“From the hills surrounding Jerusalem, the Hurva rises up, and as it rises, it is reminiscent of a moon among the stars in the sky,” quoted Knesset Speaker Reuven Rivlin during the rededication of the Hurva Synagogue in Jerusalem’s Old City. The newly built Hurva Synagogue is highly recognizable thanks to its beautiful, snowy-white dome, one of the newest additions to the Old City’s vista. The reopening, in March 2010, marks the synagogue’s third resurrection as a symbol of Jewish pride and presence in the Old City.

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Originally built in 1700, the synagogue was the brainchild of Rabbi Yehuda HaHasid’s (Rabbi Judah the Righteous) followers. Rabbi Yehuda HaHasid went to Jerusalem from Europe with almost 1,000 followers, more than tripling the number of Ashkenazic Jews in the city at the time. Though Rabbi Yehuda HaHasid passed away a few days after his arrival in Jerusalem, his followers continued to create a community, eventually dedicating the synagogue on October 27, 1700. Exactly 21 years later, it was destroyed by local Arabs over the outstanding debts owed to them by the Ashkenzic community. Subsequently, all Ashkenazic Jews were banned from living in Jerusalem and the synagogue earned its current name, “Hurvat Rabbi Yehuda HaHasid” (The Ruin of Rabbi Judah the Righteous), the “Hurva” for short.

The Hurva’s second life began almost 150 years later. Ashkenazi Jews who immigrated to Israel with the Vilna Gaon managed to procure permission to build the synagogue from the Egyptian leader who had annexed Jerusalem. After seven years of rebuilding and construction, the Hurva synagogue was rededicated in 1864. The synagogue was built in neo-Byzantine style, with large arches and pillars adorning the building. With its completion, it became the “most striking building in the Old City,” a position it held until it was destroyed, yet again, in 1948.

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During the Israeli War of Independence in 1948, the Hurva was used as a Haganah stronghold as well as a munitions storage site. On May 25th, 1948, the Arab Legion blew a hole into the wall of the synagogue and after a fierce battle succeeded in capturing it a mere 45 minutes later. After hoisting an Arab flag onto the dome, the Legionnaires blew up the Hurva with a blast that could be seen and heard for miles, leveling the Hurva to the ground. The Eitz Chaim Yeshiva that was attached to it was destroyed as well.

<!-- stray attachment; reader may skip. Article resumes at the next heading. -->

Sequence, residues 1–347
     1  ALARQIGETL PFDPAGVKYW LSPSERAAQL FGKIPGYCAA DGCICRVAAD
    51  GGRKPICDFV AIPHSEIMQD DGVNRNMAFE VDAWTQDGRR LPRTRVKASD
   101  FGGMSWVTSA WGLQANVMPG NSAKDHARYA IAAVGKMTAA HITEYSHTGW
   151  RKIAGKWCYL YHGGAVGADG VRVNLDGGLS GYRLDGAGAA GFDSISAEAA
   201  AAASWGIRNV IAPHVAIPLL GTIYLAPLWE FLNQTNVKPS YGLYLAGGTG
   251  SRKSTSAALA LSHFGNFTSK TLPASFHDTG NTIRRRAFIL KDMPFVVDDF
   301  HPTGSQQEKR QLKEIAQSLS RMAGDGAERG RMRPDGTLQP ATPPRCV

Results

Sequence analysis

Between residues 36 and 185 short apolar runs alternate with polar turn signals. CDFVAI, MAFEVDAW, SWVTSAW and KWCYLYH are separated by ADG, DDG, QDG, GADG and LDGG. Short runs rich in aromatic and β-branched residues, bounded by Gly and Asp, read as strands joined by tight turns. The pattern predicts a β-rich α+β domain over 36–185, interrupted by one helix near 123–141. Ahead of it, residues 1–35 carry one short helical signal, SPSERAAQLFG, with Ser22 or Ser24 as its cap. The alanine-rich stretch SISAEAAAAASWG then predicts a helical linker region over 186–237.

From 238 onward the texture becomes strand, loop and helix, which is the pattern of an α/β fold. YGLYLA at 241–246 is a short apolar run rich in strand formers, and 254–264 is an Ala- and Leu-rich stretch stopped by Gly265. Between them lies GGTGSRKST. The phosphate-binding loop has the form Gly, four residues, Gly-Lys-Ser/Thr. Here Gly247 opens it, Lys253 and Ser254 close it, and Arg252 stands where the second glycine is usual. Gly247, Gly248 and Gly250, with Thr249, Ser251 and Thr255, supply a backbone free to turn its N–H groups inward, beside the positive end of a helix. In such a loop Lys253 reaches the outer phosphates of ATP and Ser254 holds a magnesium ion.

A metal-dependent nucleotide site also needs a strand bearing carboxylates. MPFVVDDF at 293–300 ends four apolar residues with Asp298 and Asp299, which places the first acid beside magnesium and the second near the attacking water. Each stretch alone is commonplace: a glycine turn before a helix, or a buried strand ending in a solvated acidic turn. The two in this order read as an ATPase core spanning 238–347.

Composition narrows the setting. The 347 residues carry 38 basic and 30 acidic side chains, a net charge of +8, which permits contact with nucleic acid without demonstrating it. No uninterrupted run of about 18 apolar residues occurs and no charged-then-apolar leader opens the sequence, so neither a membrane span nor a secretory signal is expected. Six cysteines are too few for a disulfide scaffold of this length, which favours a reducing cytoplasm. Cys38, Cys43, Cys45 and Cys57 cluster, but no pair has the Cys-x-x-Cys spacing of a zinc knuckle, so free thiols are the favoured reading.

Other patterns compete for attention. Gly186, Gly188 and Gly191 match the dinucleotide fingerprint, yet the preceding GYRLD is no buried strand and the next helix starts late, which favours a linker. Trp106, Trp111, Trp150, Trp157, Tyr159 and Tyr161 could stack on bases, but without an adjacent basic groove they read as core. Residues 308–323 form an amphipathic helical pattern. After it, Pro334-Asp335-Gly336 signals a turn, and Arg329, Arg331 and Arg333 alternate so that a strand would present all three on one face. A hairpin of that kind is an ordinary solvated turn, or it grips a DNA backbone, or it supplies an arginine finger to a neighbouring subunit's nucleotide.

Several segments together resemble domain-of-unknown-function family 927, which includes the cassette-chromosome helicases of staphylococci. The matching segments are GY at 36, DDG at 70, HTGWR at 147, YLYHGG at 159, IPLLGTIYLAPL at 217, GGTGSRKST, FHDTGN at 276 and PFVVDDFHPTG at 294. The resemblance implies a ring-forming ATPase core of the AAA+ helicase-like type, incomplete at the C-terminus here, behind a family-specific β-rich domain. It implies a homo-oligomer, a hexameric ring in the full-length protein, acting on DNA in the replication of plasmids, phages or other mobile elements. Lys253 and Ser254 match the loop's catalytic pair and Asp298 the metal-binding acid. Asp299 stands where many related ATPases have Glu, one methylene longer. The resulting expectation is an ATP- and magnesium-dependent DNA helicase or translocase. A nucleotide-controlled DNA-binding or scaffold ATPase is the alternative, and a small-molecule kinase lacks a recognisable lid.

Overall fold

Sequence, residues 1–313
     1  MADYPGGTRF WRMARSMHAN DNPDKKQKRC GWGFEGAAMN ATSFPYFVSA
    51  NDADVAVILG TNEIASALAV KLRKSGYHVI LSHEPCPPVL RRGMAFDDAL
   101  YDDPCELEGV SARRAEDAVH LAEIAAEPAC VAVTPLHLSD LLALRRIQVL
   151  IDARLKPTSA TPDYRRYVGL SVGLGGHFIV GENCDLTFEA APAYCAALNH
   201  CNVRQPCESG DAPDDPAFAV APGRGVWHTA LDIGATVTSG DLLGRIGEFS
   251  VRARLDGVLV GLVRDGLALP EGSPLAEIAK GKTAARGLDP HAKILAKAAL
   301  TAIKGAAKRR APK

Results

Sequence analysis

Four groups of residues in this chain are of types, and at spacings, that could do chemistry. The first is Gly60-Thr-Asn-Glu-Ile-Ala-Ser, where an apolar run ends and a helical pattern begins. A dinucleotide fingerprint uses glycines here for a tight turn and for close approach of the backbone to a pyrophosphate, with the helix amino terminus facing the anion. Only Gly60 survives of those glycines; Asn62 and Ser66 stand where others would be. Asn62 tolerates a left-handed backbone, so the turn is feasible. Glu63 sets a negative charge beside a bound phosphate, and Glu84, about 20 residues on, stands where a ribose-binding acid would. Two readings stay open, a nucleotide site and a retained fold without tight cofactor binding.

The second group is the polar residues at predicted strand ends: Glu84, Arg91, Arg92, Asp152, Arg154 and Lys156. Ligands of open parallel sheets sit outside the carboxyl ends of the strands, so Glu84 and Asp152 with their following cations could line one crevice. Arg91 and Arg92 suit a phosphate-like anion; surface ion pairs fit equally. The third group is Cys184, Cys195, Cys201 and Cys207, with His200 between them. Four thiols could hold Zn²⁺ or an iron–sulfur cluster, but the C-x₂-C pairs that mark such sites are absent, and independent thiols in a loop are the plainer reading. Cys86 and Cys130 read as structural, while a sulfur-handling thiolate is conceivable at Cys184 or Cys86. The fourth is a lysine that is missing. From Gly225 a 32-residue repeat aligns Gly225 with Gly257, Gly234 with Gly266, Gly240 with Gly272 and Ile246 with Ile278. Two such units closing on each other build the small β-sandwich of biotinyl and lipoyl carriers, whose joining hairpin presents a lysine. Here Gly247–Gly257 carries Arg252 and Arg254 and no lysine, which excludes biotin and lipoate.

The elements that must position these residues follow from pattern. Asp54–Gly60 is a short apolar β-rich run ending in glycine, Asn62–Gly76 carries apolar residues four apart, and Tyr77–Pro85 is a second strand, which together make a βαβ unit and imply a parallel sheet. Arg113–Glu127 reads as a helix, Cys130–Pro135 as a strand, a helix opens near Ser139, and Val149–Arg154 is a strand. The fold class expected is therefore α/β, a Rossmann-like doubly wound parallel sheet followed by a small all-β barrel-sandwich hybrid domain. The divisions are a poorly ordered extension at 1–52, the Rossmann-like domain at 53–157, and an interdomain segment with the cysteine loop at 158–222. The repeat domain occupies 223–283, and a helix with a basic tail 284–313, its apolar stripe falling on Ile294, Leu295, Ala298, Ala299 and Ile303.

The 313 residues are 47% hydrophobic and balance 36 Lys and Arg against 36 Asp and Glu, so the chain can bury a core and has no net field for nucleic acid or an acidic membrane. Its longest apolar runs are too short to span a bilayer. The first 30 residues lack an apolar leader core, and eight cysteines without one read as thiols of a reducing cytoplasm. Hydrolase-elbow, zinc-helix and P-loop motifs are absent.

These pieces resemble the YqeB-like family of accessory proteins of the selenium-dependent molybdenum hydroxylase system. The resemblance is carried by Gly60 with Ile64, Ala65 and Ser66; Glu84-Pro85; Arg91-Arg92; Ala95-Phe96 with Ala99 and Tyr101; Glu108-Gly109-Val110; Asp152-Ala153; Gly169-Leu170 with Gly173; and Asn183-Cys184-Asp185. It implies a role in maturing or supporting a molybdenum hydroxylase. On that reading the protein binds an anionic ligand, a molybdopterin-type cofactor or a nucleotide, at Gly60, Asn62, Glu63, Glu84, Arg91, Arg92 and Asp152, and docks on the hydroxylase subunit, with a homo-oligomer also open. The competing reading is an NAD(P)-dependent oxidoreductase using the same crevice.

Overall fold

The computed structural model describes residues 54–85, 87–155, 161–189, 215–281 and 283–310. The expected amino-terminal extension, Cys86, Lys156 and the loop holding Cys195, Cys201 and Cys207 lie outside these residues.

The Hurva spent the next 19 years in ruins until the Old City was liberated by the Israeli Defense Forces in the Six-Day War. After the war, it was decided not to restore some of the original sites in the area, as they were seen as symbolic of the Old City before its destruction. Instead, the rubble was cleared out and one of the supporting arches of the Hurva was restored, becoming an iconic landmark of the Old City.

In the early 2000s, the Company for Restoration and Development of the Jewish Quarter decided to rebuild the Hurva. Their plan was to build a replica of the destroyed synagogue, requiring the architects to do extensive research of the building. While clearing out the area, archaeologists discovered remnants from different eras of Jerusalem’s history, such as vessels and mikvahs (ritual baths) from the Second Temple period and a Byzantine street. These finds were preserved and today can be visited in the basement of the Hurva.

The Hurva was finally reopened on March 15th, 2010, despite controversy. The nature of the synagogue was a hot debate topic—would the Hurva be a museum or a used as a synagogue? There was also external controversy from different Arab factions, such as Hamas, Syria and Jordan, all of whom denounced the rededication and claimed it was the beginning of the rebuilding of the Jewish Temple. Amid all this controversy, the Hurva was rededicated in a celebratory ceremony attended by many important individuals, Ashkenazi Chief Rabbi of Israel Rabbi Yonah Metzger and Knesset Speaker Reuven Rivlin among them.

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Eventually, Rabbi Nebentzal, Chief Rabbi of the Old City, decided that the Hurva synagogue, as it name suggests, would serve primarily as a synagogue and house of learning for residents of the Old City but would also provide tours.

Visitors on the Hurva tour are taken through the beautiful synagogue and all the way up to the top gallery in the dome, which provides a panoramic view both of the inside of the building and, from the balcony, of the Jerusalem landscape. Visitors can also join one of the minyanim (prayer groups) throughout the day.

What to Check Out:

– The beautiful artwork on the walls

– The Holy Ark, which can hold up to 50 Torah Scrolls (only between 6 am and 9 am or 6 pm and 8:40 pm)

– The Top Gallery

– The Women’s Section

Tours are by reservation only. They cost 25 NIS for adults and 15 NIS for children, senior citizens, soldiers and students. Access to the top gallery is through a guided tour from Western Wall Heritage Fund tour guides only. Tours are from 9 am-6 pm. Visitors must comply with the rules of the place (such as appropriate dress). For reservations, contact 02 626-5900 or hazmanot-rova@012.net.

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